SANTA CLARA, Calif. – Bruce Arena has been a keen-eyed observer of CONCACAF for decades now, so he was only saying aloud what must be on the minds of soccer fans throughout the region as they prepare for the conclusion of this summer’s Gold Cup on Wednesday night.

“I think everyone’s getting sick of seeing Jamaica in the finals now,” Arena said, eliciting laughs at his Levi’s Stadium press conference Tuesday. “We’ve got to have more parity in this tournament.”

American fans and players are undoubtedly hoping for more of the same rather than a sea change against the Reggae Boyz on Wednesday (9:30 pm ET; FS1, Univision, UDN in the US | TSN 1/3/4/5 in Canada). A win by the US – who remain unbeaten in 13 matches across all competitions since Arena’s return in November – would give the hosts their sixth Gold Cup title, although only their second since 2007.

For veterans such as Toronto midfielder and US captain Michael Bradley, this isn’t a chance to right past wrongs or fill holes on a resume. It’s very simply an opportunity to hoist a piece of hardware.

“I want to win because I want to win,” Bradley said. “There’s no axe to grind, there’s no ghost of the past. It’s a chance to play in the final.”

If there was a ghost, it might be in the form of Portland Timbers forward Darren Mattocks, who has starred for Jamaica this month and scored the opening goal in Jamaica’s shocking 2-1 semifinal win against the US in the 2015 edition of this tournament.

A repeat victory Wednesday would rank among Jamaica’s greatest soccer moments – and perhaps bring a higher profile to a team that historically lags far behind the island’s track and cricket programs.

“I don’t think we are a football-loving country. It’s only when the tides are high,” coach Theodore Whitmore said. “[A championship] would mean a lot for us as a country and our football going forward.”

As Whitmore pointed out, this is Jamaica’s version of the World Cup, having failed to advance to the Hexagonal in the qualifying run-up for Russia. And it’s a chance for redemption after falling short two years ago; Mexico prevailed 3-1 in the final.

“We have a few players that participated in the last Gold Cup final,” Whitmore said. “They want to rewrite history by not only making it to the final but actually winning the final. They know the task at hand and they’re up for it.”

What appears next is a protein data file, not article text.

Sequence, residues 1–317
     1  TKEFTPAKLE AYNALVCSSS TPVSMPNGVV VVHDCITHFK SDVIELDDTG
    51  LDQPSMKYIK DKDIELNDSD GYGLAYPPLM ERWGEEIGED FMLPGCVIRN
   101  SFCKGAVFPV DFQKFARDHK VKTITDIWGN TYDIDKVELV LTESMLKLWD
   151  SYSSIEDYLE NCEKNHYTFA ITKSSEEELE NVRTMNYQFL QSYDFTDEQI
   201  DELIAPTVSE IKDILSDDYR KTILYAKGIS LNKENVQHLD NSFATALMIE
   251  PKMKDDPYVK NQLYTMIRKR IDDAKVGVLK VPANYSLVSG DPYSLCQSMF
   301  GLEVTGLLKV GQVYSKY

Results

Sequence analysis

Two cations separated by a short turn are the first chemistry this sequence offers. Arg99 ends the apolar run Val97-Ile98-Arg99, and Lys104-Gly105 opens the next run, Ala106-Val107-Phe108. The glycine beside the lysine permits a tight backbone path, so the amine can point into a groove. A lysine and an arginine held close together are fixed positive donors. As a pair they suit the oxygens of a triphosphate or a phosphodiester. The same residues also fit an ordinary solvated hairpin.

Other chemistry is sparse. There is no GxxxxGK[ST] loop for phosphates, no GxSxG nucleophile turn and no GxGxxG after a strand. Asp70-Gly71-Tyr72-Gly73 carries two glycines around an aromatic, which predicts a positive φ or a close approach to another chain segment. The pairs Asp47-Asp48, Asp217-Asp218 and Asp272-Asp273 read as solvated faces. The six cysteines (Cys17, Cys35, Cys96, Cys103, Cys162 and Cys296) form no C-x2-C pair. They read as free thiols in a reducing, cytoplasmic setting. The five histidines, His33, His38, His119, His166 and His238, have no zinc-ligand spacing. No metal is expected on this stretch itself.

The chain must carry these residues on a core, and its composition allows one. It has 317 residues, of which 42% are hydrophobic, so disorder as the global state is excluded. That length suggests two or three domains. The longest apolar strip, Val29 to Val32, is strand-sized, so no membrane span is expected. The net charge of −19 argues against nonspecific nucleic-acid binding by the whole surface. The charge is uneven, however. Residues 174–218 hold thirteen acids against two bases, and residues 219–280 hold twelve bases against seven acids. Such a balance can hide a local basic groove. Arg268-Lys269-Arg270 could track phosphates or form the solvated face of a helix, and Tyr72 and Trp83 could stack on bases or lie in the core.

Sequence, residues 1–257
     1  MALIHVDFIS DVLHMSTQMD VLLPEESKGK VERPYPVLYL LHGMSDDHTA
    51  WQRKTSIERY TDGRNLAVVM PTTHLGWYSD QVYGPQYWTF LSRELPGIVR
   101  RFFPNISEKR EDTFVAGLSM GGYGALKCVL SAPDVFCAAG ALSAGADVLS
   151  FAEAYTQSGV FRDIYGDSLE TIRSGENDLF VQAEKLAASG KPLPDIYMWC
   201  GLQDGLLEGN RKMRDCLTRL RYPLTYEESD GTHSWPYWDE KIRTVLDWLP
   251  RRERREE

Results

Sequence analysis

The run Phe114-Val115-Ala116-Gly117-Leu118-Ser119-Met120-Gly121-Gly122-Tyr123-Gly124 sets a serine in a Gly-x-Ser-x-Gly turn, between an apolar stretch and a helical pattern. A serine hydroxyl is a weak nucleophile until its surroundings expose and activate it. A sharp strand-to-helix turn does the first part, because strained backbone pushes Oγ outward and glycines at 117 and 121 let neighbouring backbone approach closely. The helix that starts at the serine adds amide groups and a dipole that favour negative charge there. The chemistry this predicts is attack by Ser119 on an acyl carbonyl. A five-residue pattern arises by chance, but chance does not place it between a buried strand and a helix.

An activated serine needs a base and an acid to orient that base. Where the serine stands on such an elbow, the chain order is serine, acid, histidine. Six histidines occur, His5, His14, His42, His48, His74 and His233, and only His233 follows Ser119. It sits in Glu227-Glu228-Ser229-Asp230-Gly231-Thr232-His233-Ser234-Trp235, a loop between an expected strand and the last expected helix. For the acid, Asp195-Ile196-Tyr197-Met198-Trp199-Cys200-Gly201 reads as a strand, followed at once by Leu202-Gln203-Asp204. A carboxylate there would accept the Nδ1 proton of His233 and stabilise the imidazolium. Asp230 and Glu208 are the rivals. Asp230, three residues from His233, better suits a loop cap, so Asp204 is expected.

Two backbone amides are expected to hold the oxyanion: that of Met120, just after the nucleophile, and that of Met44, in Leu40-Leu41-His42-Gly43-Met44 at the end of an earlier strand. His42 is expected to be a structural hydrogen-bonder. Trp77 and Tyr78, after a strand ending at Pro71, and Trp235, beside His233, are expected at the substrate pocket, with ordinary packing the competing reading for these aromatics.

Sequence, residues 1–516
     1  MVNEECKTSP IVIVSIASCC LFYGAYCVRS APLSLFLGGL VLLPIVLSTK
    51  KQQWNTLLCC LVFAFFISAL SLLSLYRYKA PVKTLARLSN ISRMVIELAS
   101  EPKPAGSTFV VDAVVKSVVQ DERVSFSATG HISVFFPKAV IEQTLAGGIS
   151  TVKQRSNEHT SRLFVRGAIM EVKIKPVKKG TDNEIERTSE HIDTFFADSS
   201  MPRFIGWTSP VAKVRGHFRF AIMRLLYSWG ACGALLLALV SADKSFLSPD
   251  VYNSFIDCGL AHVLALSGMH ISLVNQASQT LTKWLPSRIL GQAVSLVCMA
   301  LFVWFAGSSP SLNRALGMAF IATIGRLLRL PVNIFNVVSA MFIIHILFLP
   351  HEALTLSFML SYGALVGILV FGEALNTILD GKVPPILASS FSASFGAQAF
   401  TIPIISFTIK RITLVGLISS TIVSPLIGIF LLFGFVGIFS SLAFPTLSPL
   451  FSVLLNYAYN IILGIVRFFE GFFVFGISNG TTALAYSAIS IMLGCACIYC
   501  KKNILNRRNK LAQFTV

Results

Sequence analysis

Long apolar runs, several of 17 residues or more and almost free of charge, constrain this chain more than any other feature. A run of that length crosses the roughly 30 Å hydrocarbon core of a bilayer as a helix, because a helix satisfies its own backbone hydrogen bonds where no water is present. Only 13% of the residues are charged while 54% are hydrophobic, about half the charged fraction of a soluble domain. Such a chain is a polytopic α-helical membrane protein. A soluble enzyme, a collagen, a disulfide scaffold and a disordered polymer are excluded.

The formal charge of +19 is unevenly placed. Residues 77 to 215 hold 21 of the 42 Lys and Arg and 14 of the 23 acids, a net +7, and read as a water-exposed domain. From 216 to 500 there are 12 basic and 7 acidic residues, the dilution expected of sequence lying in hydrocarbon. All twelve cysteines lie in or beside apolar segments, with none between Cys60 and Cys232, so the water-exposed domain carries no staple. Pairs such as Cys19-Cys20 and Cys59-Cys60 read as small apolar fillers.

Nobody fits that description better than Philadelphia Union goalkeeper Andre Blake, who was on the bench vs. Mexico in 2015. Blake, now wearing the captain’s armband, has been a titan in net for Jamaica this time around.

The 26-year-old shut out the Mexicans twice inside two weeks and his presence is giving confidence to the defenders in front of him, helping Jamaica limit opponents to just two goals in five matches.

“Words can’t explain what Andre has meant to this team,” Whitmore said.

Of course, Blake and his defenders haven’t faced a team with the firepower of the US, which leads all Gold Cup sides with 11 goals from nine different players. The Americans are expected to dominate the bulk of possession Wednesday; the key will be to find a way to carve out space in Jamaica’s penalty area without exposing themselves to a counterattack by the likes of Mattocks.

“Certainly, a part that we’ve emphasized is that when we’re good and patient with the ball, that then our ability to organize and get balance behind the attack, make sure that we can arrange ourselves in a good and aggressive way and really clamp things down before they use their speed and athleticism,” Bradley said. “That part, in a game like this, will be very, very critical.”

Said Arena: “Mattocks has really been a very strong striker, very dangerous, and can turn a game on one play.”

If he were to do so, it might be a sign that Arena’s joke is coming closer to reality – something that the coach acknowledged in a more serious moment.

“I think you see that the game is shrinking around the world, in the fact that the lesser-known teams are more accomplished today,” Arena said. “They have more experienced players. They have better coaching. And we’re in a low-scoring sport, so the likelihood of being able to pull off an upset is much greater.”